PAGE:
,
housing cooperative A housing cooperative, or housing co-op, is a legal entity, usually a cooperative or a corporation, which owns real estate, consisting of one or more residential buildings; it is one type of housing tenure. Housing cooperatives are a distinc ...
, and building cooperative.


Bundle of Rights

Real property is unique because there are multiple rights associated with each piece of property. For example, most U.S. jurisdictions recognized the following rights: right to sell; right to lease; right to acquire minerals, gas, oil, etc. within the land; right to use; right to possess; right to develop; etc. These multiple rights are important because owners of the real property can generally do what they choose with each right. For example, the owner could choose to keep all the rights but lease the right to drill for oil to an oil company, or the owner could choose to keep all the rights but lease the property to a tenant. In other words, the owner can elect to keep, lease or sell the rights to the land.


Other Ownership types

*
Allodial title Allodial title constitutes ownership of real property (land, buildings, and Fixture (property law), fixtures) that is independent of any superior landlord. Allodial title is related to the concept of land held "in allodium", or land ownership b ...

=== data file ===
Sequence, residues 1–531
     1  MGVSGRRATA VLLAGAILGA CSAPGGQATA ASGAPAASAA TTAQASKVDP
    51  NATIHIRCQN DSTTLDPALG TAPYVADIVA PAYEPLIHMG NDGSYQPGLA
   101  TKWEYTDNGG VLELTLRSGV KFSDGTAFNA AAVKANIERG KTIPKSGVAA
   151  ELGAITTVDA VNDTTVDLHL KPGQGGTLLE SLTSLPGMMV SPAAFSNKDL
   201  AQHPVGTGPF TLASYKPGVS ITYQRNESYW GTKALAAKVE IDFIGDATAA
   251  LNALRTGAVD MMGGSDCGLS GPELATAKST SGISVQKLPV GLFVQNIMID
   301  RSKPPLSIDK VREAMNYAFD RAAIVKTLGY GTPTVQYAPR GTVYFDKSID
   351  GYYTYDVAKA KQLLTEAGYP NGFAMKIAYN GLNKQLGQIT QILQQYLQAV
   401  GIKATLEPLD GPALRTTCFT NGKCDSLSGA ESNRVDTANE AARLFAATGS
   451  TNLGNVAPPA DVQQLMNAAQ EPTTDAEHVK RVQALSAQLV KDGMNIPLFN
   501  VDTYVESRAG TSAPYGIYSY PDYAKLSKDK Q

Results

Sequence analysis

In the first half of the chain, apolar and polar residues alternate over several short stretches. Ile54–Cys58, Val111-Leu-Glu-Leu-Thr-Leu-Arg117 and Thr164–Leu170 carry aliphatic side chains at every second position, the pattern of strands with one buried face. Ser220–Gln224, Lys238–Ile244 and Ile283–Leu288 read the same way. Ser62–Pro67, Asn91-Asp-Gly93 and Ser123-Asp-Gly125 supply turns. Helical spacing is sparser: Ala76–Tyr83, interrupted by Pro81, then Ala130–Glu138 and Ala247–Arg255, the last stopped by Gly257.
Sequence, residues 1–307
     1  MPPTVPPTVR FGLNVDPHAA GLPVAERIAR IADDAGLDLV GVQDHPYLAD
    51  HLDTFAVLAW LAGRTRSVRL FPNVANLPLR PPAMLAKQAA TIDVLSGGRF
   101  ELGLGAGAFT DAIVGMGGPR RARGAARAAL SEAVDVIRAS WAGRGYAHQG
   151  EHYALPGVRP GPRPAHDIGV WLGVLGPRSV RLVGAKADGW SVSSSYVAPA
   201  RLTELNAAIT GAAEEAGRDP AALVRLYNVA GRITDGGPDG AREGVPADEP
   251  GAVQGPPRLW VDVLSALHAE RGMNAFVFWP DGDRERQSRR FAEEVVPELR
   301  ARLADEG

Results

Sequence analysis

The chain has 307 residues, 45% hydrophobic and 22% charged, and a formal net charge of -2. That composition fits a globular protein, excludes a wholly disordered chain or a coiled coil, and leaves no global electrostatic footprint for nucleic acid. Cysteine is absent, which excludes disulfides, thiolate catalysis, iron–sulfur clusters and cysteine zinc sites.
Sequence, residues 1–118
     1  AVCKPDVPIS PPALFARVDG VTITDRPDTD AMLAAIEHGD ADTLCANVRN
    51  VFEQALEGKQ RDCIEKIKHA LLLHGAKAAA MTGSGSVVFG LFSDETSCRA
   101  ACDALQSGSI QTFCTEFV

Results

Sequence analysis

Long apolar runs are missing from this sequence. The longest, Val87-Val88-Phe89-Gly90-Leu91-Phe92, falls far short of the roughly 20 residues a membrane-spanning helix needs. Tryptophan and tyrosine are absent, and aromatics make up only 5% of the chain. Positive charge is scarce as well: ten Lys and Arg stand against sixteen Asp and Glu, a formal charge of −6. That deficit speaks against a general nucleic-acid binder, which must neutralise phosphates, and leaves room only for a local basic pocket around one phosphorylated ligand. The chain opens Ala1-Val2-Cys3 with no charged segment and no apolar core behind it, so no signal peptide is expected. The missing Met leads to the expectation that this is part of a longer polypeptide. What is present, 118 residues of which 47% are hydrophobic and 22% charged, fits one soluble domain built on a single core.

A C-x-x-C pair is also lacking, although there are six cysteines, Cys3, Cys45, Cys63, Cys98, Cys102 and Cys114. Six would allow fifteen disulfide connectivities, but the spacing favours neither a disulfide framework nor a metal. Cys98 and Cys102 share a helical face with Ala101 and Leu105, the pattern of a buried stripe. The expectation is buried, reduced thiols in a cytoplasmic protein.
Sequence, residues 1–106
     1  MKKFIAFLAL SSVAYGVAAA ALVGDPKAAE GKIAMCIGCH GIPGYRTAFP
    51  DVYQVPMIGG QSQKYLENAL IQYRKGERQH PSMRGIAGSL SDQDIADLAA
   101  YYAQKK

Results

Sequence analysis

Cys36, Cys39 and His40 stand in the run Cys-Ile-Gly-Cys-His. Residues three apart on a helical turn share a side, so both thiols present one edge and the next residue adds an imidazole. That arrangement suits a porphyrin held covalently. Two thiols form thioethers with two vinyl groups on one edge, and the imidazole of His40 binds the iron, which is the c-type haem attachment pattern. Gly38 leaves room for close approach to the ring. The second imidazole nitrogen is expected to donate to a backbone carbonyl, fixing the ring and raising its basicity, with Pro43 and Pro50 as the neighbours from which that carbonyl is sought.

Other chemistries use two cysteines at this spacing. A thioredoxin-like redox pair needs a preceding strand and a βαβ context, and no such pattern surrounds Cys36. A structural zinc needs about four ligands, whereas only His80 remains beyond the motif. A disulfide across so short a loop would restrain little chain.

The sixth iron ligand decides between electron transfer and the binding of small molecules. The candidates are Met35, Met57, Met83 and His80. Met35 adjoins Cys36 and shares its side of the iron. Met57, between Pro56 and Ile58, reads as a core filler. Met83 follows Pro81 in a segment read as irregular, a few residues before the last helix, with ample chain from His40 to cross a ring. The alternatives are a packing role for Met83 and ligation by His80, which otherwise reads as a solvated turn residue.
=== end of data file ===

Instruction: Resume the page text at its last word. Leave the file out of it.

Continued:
: Real property that is independent of any superior landlord. Palladium is "Land held absolutely in one's own right, and not of any lord or superior; land not subject to feudal duties or burdens. An estate held by absolute ownership, without recognizing any superior to whom any duty is due on account thereof."


Jurisdictional peculiarities

In the law of almost every country, the state is the ultimate owner of all land under its jurisdiction, because it is the
sovereign ''Sovereign'' is a title which can be applied to the highest leader in various categories. The word is borrowed from Old French , which is ultimately derived from the Latin , meaning 'above'. The roles of a sovereign vary from monarch, ruler or ...
, or supreme lawmaking authority. Physical and corporate persons do not have
allodial title Allodial title constitutes ownership of real property (land, buildings, and Fixture (property law), fixtures) that is independent of any superior landlord. Allodial title is related to the concept of land held "in allodium", or land ownership b ...
; they do not own land but only enjoy estates in the land, also known as "equitable interests".